Porous and Strong Bioactive Glass (13-93) Scaffolds Prepared by Unidirectional Freezing of Camphene-Based Suspensions


Scaffolds of 13-93 bioactive glass (6Na 2O, 12K 2O, 5MgO, 20CaO, 4P 2O 5, 53SiO 2; wt.%) with an oriented pore architecture were formed by unidirectional freezing of camphene-based suspensions, followed by thermal annealing of the frozen constructs to grow the camphene crystals. After sublimation of the camphene, the constructs were sintered (1 h at 700 °C) to produce a dense glass phase with oriented macropores. The objective of this work was to study how constant freezing rates (1-7 °C min -1) during the freezing step influenced the pore orientation and mechanical response of the scaffolds. When compared to scaffolds prepared by freezing the suspensions on a substrate kept at a constant temperature of 3 °C (time-dependent freezing rate), higher freezing rates resulted in better pore orientation, a more homogeneous microstructure and a marked improvement in the mechanical response of the scaffolds in compression. Scaffolds fabricated using a constant freezing rate of 7 °C min -1 (porosity = 50 ± 4%; average pore diameter = 100 μm), had a compressive strength of 47 ± 5 MPa and an elastic modulus of 11 ± 3 GPa (in the orientation direction). In comparison, scaffolds prepared by freezing on the constant-temperature substrate had strength and modulus values of 35 ± 11 MPa and 8 ± 3 GPa, respectively. These oriented bioactive glass scaffolds prepared by the constant freezing rate route could potentially be used for the repair of defects in load-bearing bones, such as segmental defects in the long bones.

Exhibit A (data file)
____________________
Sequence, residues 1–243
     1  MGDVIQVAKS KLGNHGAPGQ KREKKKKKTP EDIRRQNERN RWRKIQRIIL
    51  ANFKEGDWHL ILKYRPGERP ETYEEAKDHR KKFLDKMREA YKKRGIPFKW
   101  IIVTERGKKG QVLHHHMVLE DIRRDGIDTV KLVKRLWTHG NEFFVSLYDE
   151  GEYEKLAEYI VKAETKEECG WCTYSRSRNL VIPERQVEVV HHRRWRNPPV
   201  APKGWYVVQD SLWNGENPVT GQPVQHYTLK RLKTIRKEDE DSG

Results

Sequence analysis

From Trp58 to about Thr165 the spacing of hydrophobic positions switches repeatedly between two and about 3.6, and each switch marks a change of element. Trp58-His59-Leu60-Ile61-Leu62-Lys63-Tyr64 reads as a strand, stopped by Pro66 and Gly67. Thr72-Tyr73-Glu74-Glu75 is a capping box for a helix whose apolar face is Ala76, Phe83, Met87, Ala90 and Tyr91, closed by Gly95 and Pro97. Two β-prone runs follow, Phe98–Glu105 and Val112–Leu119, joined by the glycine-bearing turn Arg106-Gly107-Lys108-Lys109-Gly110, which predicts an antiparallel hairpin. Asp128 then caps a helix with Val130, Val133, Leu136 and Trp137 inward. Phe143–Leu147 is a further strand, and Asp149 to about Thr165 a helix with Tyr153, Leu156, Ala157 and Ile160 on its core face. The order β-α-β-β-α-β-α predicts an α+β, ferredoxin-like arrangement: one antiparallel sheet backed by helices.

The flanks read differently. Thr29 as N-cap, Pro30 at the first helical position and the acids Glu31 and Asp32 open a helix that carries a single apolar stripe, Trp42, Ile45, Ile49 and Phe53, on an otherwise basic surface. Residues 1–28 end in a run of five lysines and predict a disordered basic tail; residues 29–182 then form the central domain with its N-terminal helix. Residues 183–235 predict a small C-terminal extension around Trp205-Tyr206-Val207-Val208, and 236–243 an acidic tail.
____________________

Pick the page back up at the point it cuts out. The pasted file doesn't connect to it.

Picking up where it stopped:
Mining and Nuclear Engineering

Second Department

Materials Science and Engineering

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Article - Journal

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